While there are quite a few plants that can thrive on little amounts of water, grass requires a considerable amount of water on a regular basis to remain hydrated. Morning dew is probably not enough for this.
Should I Water the Lawn if There Is Morning Dew?
Your lawn requires an inch of water per week at the very least. To provide your lawn with this much quantity of water, you will have to adjust your watering schedule accordingly to suit the conditions.
On average, you should water the grass thoroughly at least three times a week.
If you already have a sufficient watering schedule for your lawn, morning dew will have little to no impact so you should continue to water your lawn as normal.
Morning dew will most likely evaporate when the sun comes out and so it will be doing very little to help your grass.
Also, as the winter months arrive, these dewdrops are likely to turn into frost.
This could potentially have a negative impact but plants usually enter dormancy during the winter period, so it’s really not something that you need to worry about.
What About Watering in the Night?
A common mistake that many people make is that they tend to water their lawn at night. That’s not a wise move by any means.
When you water your plants in the night, the moisture remains on the leaves for a much greater period of time. Overnight, the dew is likely to form on the grass blades as well. This is going to cause the soil to become marshy and the leaves are also going to remain wet for longer.
As a result, the damp leaves are going to become more prone to fungal growth.
While water and moisture are both necessary for your plants, excessive watering can be harmful.
Moreover, if the water continues to settle in the soil along with the excessive dewdrops, it could cause root rot also.
Ideally, you should avoid watering your plants late in the night because it’s going to increase the chances of fungal developments.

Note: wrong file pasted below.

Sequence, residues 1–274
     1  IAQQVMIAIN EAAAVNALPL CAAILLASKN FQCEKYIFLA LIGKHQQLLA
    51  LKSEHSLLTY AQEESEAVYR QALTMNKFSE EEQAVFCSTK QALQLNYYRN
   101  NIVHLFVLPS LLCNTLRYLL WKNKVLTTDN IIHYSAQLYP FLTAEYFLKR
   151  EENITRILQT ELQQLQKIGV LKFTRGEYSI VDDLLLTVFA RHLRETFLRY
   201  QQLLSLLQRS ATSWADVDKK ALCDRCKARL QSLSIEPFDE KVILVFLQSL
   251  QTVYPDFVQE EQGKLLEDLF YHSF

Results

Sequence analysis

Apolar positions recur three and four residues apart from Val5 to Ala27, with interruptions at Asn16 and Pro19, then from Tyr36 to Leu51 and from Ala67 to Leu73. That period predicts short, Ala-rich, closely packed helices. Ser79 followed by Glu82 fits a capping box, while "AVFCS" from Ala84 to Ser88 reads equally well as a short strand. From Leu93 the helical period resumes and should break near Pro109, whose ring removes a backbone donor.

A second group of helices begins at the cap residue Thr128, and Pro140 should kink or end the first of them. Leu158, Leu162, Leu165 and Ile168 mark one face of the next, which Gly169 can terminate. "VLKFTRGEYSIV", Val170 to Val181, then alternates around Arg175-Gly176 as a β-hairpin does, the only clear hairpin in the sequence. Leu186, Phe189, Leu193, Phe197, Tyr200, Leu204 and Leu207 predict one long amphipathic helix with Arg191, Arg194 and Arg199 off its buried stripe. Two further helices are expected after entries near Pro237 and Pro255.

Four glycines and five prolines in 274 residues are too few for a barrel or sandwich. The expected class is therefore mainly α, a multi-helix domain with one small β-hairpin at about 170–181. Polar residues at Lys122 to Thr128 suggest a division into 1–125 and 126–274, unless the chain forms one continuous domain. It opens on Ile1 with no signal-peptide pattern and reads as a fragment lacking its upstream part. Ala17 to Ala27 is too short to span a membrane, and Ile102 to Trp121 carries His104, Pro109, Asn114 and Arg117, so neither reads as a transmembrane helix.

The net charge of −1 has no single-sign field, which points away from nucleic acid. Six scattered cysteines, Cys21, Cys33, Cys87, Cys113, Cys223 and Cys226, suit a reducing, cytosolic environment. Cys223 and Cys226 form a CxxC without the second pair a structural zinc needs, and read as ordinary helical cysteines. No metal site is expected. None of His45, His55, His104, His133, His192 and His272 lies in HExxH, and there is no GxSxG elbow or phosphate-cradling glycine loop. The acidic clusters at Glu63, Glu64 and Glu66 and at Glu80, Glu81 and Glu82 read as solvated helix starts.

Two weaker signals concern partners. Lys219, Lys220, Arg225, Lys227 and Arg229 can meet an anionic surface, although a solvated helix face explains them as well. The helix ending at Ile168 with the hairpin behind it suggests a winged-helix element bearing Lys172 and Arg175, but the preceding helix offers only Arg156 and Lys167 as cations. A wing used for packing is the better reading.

When Is the Best Time to Water Your Plants?
Ideally, the best thing to do is water your plants in the morning.
When you water early in the morning, even if there are dewdrops on the grass, you don’t have to worry about too much moisture sticking around for too long.
When the sun rises, all of the excess moisture is going to evaporate.
Watering in the Afternoon?
The reason why you shouldn’t water your plants in the afternoon is because the sun is at its peak strength.
The idea that the hot sun will “scorch” your plants has been debunked for a few years now. Despite this, it’s still an inefficient strategy to water your lawn in the afternoon when the rate of evaporation is very high.
Mulching is a fantastic way to ensure that your plants are able to retain moisture in the soil. More importantly, the organic matter in the soil will also greatly improve the fertility and ensure that your plants are able to grow stronger.
To conclude, morning dew really doesn’t make too much difference to your lawn. You should continue to water your lawn such that it gets the correct amount it needs. In most situations, morning dew is not sufficient to provide this on its own. Moreover, the droplets will likely evaporate very soon after the sun rises in the morning.